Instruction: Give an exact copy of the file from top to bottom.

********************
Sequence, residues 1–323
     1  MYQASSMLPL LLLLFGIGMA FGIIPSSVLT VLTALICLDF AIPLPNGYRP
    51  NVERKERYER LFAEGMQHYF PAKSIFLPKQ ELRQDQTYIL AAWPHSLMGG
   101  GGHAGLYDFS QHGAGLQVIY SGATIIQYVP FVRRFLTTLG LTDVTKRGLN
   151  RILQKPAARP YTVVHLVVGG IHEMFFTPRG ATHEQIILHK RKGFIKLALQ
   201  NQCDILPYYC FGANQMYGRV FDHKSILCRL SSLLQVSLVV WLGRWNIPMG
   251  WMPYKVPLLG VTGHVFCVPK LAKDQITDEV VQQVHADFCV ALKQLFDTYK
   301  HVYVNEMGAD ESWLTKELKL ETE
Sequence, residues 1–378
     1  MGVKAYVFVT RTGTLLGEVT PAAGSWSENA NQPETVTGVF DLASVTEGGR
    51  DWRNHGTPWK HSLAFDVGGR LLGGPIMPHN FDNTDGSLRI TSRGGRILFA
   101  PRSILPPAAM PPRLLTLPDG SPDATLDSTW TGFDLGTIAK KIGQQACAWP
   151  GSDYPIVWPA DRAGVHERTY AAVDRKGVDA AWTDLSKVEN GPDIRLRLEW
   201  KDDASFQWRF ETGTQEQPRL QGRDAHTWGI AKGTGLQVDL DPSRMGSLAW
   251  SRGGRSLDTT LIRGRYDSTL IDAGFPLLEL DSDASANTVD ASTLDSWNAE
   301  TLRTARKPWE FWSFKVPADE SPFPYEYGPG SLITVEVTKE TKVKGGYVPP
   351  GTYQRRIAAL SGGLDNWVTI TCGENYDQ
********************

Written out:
Sequence, residues 1–323
     1  MYQASSMLPL LLLLFGIGMA FGIIPSSVLT VLTALICLDF AIPLPNGYRP
    51  NVERKERYER LFAEGMQHYF PAKSIFLPKQ ELRQDQTYIL AAWPHSLMGG
   101  GGHAGLYDFS QHGAGLQVIY SGATIIQYVP FVRRFLTTLG LTDVTKRGLN
   151  RILQKPAARP YTVVHLVVGG IHEMFFTPRG ATHEQIILHK RKGFIKLALQ
   201  NQCDILPYYC FGANQMYGRV FDHKSILCRL SSLLQVSLVV WLGRWNIPMG
   251  WMPYKVPLLG VTGHVFCVPK LAKDQITDEV VQQVHADFCV ALKQLFDTYK
   301  HVYVNEMGAD ESWLTKELKL ETE
Sequence, residues 1–378
     1  MGVKAYVFVT RTGTLLGEVT PAAGSWSENA NQPETVTGVF DLASVTEGGR
    51  DWRNHGTPWK HSLAFDVGGR LLGGPIMPHN FDNTDGSLRI TSRGGRILFA
   101  PRSILPPAAM PPRLLTLPDG SPDATLDSTW TGFDLGTIAK KIGQQACAWP
   151  GSDYPIVWPA DRAGVHERTY AAVDRKGVDA AWTDLSKVEN GPDIRLRLEW
   201  KDDASFQWRF ETGTQEQPRL QGRDAHTWGI AKGTGLQVDL DPSRMGSLAW
   251  SRGGRSLDTT LIRGRYDSTL IDAGFPLLEL DSDASANTVD ASTLDSWNAE
   301  TLRTARKPWE FWSFKVPADE SPFPYEYGPG SLITVEVTKE TKVKGGYVPP
   351  GTYQRRIAAL SGGLDNWVTI TCGENYDQ